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Global CIO: St. Luke's CIO Saves Millions With Apptio's Help

Apptio's tools helped $2.5 billion St. Luke's Health System identify where its IT spending was exemplary, okay, or troublesome.
By more than $700,000.

Apptio bills itself as offering "technology business management" solutions and has an impressive list of customers on its website, including BNP Paribas, Cisco, Expedia, Starbucks, Hallmark, and others.

While each of those individual reductions have been vital, the larger impact from the broader spending-analysis effort and the Apptio analytical application has been that Gash can now devote more capital and more of her people to strategic initiatives instead of mundane operational work.

"Becoming aware that you're not like everyone else drives the question of 'why?' Apptio doesn't tell you why, specifically, but it does say that there's something going on that needs to be looked into, and it helps you direct your efforts," Gash said.

"It worked the opposite way with our help desk—I was always getting calls from vendors saying they could do it better and cheaper if I'd source it elsewhere, so we took a good look around to see how we stacked up against a comparable set and we saw that we were much lower than the industry average—so we knew that was one area to leave alone."

Desktops was another area undergoing significant change within St. Luke's as rapidly changing business needs, compounded by dramatic technology advances, have convinced the $2.5 billion organization to begin moving aggressively on mobile infrastructure and solutions.

"When we do strategic planning for technology, we always try to look at what the organization needs from us for solutions today and we also try to focus on anticipating what our infrastructure needs will be in the longer term.

"Our IT plan goes out 3 years: we watch what's going on very closely, and CTO Roger Zarimba does an excellent job of letting us all know what's coming and what we need to watch out for as that relates to our business," Gash said.

"And a couple of years ago, Roger started to tell everyone that we just can't sustain this desktop thing: mobility is coming, and virtualization, and thin clients, and cloud environments where we can push out the technology on-demand. So then we knew we had to explore what it will take to get there and how that coincides with what we have: we looked at electronic health records, where mobility is critical, and the need to secure all the information, and all the privacy regulations that we get out in front of a couple of years ago, so now we think we're gonna be able to meet that at the clinician end," Gash said.

Along the way, the Apptio tools allowed St. Luke's to discover that outside of IT's knowledge and consent, millions of dollars were being spent by various departments on projects and products, including desktops and related applications. Because those aberrations were pointed out by Apptio—as Gash said, it doesn't answer why exceptions are happening but it definitely tells customers that they *are* happening—St. Luke's was able to pull those outliers into the mainstream, cutting costs dramatically and improving overall business outcomes.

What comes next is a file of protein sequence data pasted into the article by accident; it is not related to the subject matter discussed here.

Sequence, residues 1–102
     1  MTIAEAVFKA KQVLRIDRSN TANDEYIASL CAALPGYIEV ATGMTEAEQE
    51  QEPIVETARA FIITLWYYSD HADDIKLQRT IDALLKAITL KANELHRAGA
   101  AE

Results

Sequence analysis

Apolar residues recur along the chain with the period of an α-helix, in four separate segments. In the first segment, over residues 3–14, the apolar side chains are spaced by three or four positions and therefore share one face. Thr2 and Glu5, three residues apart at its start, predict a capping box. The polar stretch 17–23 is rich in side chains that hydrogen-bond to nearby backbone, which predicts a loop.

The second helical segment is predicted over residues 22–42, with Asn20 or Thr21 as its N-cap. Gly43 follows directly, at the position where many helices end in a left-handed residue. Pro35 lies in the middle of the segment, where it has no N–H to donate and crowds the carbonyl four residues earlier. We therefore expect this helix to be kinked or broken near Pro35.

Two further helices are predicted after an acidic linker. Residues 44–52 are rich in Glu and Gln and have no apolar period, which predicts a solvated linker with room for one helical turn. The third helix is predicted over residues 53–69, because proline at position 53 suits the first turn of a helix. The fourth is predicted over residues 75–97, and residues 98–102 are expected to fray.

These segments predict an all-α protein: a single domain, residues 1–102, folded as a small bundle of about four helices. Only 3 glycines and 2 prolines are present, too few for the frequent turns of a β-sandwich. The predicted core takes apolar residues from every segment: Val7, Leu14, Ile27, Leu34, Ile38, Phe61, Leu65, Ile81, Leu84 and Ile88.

"We were surprised at the efficiencies we were able to derive from getting those insights," Gash said. "That changed how we do cost-accounting in IT, how we go about managing our resources, and how we work on an ongoing basis with the Finance Department to reclassify costs to give greater visibility.

"Our next step is to push that forward by analyzing where our people are spending their time, analyzing if that's where it should be, to look at that investment by investment, and to be able to dig into why various projects are consuming so much time—which equates to money."

If appropriate, Gash said, her team can then go back to talk with vendors and try to ascertain if there's an inherent problem.

"We put in a metric in our scorecard that tells us how much time is invested in strategic initiatives versus daily production and operations," Gash said. "The industry average is 25% strategic and 75% production, but we're striving to push that up to 30-35% so that we're able to deliver more in a quicker turnaround time.

"As we do that, we're seeing the metrics change, we're getting more projects done, we're able to respond to things more quickly, and—this is very important—it lets us avoid hiring more resources and lets us move more people from mundane stuff to strategic projects."

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GlobalCIO Bob Evans is senior VP and director of InformationWeek's Global CIO unit.

To find out more about Bob Evans, please visit his page.

For more Global CIO perspectives, check out Global CIO,
or write to Bob at [email protected].

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Sara Peters, Editor-in-Chief, InformationWeek / Network Computing
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